Authors’ Affiliations

(1)
EMGO Institute for Health and Care Research, VU University Medical Center
(2)
Leibniz Institute for Prevention Research and Epidemiology -BIPS
(3)
INRA, UR1303 ALISS
(4)
University of Oslo
(5)
Faculty of Medicine and Health Sciences, Ghent University
(6)
University of Rome Foro Italico
(7)
Glasgow Caledonian University, School of Health and Life Science
(8)
Centre for Physical Activity and Health Research, University of Limerick
(9)
Department of Sport Medicine, Norwegian School of Sport Sciences
(10)
Institute of Food Research
(11)
Division of Sports and Rehabilitation Medicine, University of Ulm
(12)
Netherlands Organisation for Applied Scientific Research (TNO)
(13)
Johannes Gutenberg University
(14)
Department of Neurological and Movement Sciences, University of Verona
(15)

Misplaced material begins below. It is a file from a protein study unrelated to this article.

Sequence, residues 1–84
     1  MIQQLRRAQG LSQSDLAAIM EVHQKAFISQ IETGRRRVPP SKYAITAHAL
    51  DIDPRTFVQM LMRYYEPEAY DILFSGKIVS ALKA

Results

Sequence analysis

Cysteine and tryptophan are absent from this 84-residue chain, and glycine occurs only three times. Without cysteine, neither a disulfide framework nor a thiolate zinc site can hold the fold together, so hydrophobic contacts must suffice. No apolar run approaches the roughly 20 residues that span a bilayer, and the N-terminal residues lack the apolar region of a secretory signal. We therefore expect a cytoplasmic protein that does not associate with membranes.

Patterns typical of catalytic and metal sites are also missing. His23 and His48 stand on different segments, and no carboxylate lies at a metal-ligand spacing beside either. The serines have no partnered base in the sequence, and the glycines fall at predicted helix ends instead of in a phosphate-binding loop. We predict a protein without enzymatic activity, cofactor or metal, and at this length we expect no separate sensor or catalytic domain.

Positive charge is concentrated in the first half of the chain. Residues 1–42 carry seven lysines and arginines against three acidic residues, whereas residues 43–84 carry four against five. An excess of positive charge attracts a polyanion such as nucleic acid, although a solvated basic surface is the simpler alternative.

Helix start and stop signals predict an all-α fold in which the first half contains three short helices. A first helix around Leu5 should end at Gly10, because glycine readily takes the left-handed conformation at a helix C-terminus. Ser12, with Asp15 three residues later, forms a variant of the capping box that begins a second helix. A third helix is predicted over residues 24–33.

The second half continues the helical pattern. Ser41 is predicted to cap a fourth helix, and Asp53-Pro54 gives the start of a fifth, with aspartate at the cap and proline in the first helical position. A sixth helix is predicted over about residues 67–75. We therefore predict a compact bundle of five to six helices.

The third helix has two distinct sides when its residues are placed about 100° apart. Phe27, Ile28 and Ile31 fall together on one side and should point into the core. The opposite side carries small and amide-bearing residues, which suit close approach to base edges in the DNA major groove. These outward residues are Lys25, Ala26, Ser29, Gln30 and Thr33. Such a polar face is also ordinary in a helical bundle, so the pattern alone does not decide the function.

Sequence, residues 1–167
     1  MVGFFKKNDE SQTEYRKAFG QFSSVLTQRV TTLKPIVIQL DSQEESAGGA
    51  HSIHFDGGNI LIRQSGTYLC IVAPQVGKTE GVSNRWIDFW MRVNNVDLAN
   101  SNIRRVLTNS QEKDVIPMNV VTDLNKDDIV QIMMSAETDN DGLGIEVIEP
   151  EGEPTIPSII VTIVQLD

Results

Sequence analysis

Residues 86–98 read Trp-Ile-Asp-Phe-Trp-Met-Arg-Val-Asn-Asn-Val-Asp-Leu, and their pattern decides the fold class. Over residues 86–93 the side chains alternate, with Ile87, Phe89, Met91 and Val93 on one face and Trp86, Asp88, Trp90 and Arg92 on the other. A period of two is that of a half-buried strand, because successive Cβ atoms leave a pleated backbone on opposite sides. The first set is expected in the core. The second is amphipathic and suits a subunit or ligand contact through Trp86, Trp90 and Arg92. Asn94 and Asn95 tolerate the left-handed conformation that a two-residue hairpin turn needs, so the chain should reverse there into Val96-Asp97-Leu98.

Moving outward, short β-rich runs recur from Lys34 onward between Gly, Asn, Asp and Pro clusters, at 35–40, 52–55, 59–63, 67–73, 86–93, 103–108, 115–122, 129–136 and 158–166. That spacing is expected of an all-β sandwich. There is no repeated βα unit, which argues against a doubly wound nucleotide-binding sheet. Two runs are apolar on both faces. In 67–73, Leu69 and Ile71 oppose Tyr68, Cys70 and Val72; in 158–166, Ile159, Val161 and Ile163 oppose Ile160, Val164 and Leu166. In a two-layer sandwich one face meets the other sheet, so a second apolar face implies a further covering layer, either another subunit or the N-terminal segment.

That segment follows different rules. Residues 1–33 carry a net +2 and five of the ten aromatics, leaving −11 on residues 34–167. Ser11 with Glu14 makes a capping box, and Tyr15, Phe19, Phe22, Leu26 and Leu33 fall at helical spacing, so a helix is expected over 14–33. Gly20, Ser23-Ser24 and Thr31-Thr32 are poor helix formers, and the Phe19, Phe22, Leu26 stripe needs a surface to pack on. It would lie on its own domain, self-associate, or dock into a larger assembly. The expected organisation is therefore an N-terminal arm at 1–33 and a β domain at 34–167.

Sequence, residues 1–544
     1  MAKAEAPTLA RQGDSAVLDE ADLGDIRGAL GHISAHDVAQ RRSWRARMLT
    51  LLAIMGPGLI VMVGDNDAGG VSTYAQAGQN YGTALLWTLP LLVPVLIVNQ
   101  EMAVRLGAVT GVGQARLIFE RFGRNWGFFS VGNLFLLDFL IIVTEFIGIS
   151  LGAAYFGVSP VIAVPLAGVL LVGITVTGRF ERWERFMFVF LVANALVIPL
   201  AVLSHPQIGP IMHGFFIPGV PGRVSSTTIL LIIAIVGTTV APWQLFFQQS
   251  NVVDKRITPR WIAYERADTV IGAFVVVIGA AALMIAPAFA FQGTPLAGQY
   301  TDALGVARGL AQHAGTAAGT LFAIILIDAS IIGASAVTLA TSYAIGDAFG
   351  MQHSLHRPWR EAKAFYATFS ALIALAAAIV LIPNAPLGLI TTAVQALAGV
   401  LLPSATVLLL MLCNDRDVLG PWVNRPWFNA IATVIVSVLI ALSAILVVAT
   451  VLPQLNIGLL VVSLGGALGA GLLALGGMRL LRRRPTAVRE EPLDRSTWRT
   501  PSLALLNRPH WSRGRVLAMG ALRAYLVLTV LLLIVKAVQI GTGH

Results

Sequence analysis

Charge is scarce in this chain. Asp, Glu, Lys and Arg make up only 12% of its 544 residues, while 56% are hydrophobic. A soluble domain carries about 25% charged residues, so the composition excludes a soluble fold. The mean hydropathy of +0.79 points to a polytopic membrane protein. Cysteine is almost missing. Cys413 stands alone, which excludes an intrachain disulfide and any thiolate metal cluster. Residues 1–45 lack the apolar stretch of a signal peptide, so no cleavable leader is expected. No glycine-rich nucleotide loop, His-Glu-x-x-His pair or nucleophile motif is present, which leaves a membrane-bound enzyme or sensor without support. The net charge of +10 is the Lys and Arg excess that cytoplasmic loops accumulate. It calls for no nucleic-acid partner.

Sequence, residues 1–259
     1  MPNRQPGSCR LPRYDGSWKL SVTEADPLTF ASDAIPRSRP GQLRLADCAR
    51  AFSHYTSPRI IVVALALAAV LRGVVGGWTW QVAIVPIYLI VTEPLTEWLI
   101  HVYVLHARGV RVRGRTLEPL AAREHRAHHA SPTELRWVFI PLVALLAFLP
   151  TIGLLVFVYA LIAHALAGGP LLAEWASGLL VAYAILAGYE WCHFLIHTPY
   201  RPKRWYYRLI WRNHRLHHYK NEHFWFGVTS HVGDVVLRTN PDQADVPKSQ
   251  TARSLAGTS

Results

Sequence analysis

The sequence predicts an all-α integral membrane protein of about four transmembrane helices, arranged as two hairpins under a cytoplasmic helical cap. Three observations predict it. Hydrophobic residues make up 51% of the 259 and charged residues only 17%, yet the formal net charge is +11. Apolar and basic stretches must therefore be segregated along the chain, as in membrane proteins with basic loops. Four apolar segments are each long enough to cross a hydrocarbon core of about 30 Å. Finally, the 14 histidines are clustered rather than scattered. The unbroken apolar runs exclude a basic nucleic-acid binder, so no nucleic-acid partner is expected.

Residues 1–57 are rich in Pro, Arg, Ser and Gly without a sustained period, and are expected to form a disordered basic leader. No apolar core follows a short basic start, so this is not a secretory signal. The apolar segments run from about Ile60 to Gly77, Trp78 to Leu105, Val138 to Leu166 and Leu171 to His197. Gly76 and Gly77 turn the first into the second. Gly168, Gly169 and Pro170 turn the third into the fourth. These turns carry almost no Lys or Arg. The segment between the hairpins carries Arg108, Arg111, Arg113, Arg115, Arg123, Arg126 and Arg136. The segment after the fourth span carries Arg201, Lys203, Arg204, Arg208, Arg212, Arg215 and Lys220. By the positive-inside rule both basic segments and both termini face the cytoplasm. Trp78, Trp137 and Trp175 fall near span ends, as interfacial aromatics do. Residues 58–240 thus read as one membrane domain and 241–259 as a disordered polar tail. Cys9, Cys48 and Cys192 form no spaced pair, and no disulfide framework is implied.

Department of Statistical Sciences of the University of Bologna
(16)
Department of Public Health and Primary Care, Institute of Public Health, University of Cambridge
(17)
Sport & Exercise Sciences Research Institute, University of Ulster
(18)
Department of Nutrition and Food Science, Rheinische Friedrich-Wilhelms-Universität Bonn
(19)
Centre for Preventive Medicine, School of Health and Human Performance, Dublin City University
(20)
Department of Psychology, University of Konstanz
(21)
National Institute for Consumer Research
(22)
Centre for Nutrition, Prevention and Health Services, National Institute for Public Health and the Environment
(23)
German Institute of Human Nutrition Potsdam-Rehbruecke
(24)
Department of Public Health, Academic Medical Centre, University of Amsterdam
(25)
Institute for Biomedicine of Aging, Friedrich-Alexander-Universität Erlangen-Nürnberg
(26)
Division of Human Nutrition, Wageningen University
(27)
Department of Nutrition, University of Oslo
(28)
the DEDIPAC consortium